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Effects of Pre-Experimental Conditions On Nest Site Selection and Aggression in Gasterosteus Aculeatus L

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Male three-spined sticklebacks were held individually in compartments under one of four conditions: Total Isolation (Ti) ; Physical Isolation (Pi), compartments from which the males could see the room; Physical Isolation with Aggression Tests (PiA), similar to Pi but with the addition of aggression tests each day; and Physical Isolation with a Goldfish Companion (PiG), similar to Pi but with a white color-phase goldfish in the same compartment. Ti and PiA individuals became shy and tended to hide motionless in the corners of their compartments; when disturbed, they sometimes dashed madly about the compartment before becoming motionless. Pi and PiG fish became tame or non-shy. When tested individually in a 300 cm tank planted with a dense row of vegetation along one end, the shy males (Ti and PiA) selected nest sites nearer the ends of the tank than the non-shy males (Pi and PiG) did. The distribution of nests built by Ti individuals differed significantly from those of the other groups. Latency of response to a test male showed great variation; the difference between PiG with the shortest delays, and PiA with the longest delays, are significant. PiG and Pi males showed significantly more aggression toward the test male than did Ti and PiA males. The small differences in the amount of aggression between PiG and Pi and between Ti and PiA are not significant. Latency of response is negatively correlated with number of bites in the first minute and (less well) with total number of bites. The negative correlation between latency and total aggression is much better if we exclude those with short latencies. There is no correlation between nest site and latency of response to the test male. The location of the nest (distance from nearest end) and amount of biting directed at the test male are positively correlated. It is quite clear that the conditions under which these wild caught, first-year males were held in the laboratory immediately prior to the experiments affected the numbers nesting, their choice of nest sites, their latency in responding to intruding male, and the amount of biting they directed against them. The differences in treatment did not affect the percent of individuals that built nests and responded to the test male. Four Ti individuals showed large amounts of nest building behavior during the aggression tests, but none of the other groups showed this. In spite of gross differences in the treatments the four groups received, the two groups which became shy responded very similarly to one another and the two groups which became non-shy also responded similarly to one another.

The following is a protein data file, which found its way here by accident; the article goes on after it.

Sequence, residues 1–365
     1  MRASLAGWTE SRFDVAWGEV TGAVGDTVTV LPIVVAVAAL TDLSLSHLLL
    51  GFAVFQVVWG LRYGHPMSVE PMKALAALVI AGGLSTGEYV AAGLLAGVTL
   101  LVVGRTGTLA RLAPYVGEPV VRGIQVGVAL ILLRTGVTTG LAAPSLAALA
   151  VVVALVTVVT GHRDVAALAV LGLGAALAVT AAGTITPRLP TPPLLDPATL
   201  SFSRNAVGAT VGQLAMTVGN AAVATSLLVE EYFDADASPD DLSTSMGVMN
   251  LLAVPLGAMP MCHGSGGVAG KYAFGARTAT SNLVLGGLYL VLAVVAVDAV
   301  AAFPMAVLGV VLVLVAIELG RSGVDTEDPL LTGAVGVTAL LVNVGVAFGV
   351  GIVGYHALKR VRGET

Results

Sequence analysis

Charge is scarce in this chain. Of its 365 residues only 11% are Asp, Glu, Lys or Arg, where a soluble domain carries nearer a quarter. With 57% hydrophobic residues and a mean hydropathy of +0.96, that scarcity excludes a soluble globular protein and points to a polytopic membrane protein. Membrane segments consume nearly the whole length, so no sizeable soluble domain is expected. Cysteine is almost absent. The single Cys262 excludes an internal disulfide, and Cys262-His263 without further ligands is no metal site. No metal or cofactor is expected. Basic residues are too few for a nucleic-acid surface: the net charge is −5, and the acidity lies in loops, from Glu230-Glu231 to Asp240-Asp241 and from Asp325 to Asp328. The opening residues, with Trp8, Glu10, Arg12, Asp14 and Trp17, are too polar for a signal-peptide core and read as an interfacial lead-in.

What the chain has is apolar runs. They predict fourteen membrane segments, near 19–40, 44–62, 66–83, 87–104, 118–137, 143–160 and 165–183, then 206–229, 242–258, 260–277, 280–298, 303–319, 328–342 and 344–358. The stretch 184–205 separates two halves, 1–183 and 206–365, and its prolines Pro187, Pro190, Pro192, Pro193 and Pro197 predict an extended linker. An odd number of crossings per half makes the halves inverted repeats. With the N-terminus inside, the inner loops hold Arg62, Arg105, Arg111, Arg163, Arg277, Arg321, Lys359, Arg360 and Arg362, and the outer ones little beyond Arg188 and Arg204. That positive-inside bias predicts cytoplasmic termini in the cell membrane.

Affiliations: 1: (Zoological Laboratory, University of Leiden, The Netherlands


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